An entertaining and moving snapshot of family life on the road

Ben Hatch with his children
Ben Hatch with his children
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IF you’re someone who questions the impact ebooks and Kindles are really having, then Ben Hatch’s growing popularity may cause you to think again.

When his new book – Are We Nearly There Yet? A Family’s 8,000-Mile Car Journey Around Britain – came out as a paperback a few months back it didn’t cause any seismic shocks in the book world.

It was Hatch’s first book in a decade and his first crack at writing non-fiction. But after it was made available on Kindle, and along with some favourable reviews, it rose from virtual anonymity to top of the bestsellers list last month when it became the most downloaded Kindle non-fiction book in the UK.

But, of course, a book, whatever its format, stands or falls by the quality of the writing and the story it contains, and Are We Nearly There Yet? succeeds on both counts.

Tim Brooke-Taylor describes it as “Outnumbered in a car” and the book has drawn high-profile praise from such disparate names as Joanne Harris, John Cleese and Sir Terry Wogan.

In essence, it is Hatch’s account of driving 8,000 miles around the UK for five months with his wife, Dinah, and their two young children Charlie and Phoebe.

The book came about after he and his wife were asked to write a guidebook about family travel. At the time they were turning 40 and a little bored with their life in Brighton and thought an extended family road trip around the British Isles was just the answer.

Ignoring the advice of friends and family, they embraced the open road and the ensuing tale features deadly puff adders, Billie Piper’s pyjamas and a friend of Hitler’s as they hurtle around Britain in a Vauxhall Astra.

The journey takes them from Marlow, which boasts the house where Mary Shelley finished writing her masterpiece Frankenstein, to the Lake District, home to some of Britain’s most stunning scenery and... Ostrich World.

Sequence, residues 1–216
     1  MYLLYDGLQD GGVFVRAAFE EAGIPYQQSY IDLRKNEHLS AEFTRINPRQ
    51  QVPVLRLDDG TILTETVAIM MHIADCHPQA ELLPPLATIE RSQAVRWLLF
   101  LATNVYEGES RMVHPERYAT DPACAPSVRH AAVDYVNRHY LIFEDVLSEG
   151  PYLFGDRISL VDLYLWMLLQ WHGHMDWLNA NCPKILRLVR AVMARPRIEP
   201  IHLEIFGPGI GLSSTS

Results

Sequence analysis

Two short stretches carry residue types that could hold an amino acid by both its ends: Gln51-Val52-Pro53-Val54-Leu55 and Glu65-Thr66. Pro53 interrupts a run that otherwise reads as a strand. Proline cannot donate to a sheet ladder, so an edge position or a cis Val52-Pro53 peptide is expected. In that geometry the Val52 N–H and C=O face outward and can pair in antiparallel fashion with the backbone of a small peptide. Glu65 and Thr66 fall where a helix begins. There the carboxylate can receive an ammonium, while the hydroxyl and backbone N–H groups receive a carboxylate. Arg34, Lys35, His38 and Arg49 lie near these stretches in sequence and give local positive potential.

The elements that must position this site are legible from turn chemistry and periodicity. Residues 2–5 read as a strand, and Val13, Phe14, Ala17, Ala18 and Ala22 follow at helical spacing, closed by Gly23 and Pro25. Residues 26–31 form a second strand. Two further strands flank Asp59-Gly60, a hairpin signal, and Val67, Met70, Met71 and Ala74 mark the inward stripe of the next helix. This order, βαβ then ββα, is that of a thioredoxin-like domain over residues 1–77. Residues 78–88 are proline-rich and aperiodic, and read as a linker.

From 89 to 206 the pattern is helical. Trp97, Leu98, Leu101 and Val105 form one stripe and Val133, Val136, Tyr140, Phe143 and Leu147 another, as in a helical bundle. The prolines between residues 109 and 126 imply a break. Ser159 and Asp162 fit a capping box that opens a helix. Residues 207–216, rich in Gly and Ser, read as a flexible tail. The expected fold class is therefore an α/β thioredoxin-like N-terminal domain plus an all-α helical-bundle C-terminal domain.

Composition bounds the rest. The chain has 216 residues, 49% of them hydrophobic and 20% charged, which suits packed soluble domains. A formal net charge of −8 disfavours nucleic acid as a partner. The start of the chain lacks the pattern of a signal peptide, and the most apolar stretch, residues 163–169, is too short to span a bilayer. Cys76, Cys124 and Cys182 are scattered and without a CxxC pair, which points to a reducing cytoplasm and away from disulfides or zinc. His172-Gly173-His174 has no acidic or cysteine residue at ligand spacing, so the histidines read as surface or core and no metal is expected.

The family’s escapades later take them to Yorkshire Dales country, where the kids are told they’re going to see Wallace and Gromit, before unseen events result in Hatch spending more time in Leeds General Infirmary than he probably expected.

The book is part tourist guide, part parental manual on the various ingenious ways to keep toddlers entertained in a car while driving to obscure places even the map sometimes struggles to locate. Humour courses through the 345 heart-warming, and at times moving, pages, while Hatch narrates the story in a suitably self-deprecating voice.

As well as the trials and tribulations of travelling with small children, one thing that emerges, as if we didn’t know already, is that women are infinitely more practical than men. For all the male bluster about DIY prowess and map-reading skills, it is invariably Dinah who is the cool, calm and collected one.

All this could very easily come across as sentimental or worse still, smug, but it avoids becoming either. There is laughter and tears and if you’re after a last-minute stocking filler, then look no further than this.

It isn’t a perfect book, just a very good one that captures a snapshot of life in all its funny, sad, wonderful silliness.

Are We Nearly There Yet? by Ben Hatch, published by Summersdale, is available in paperback priced £8.99.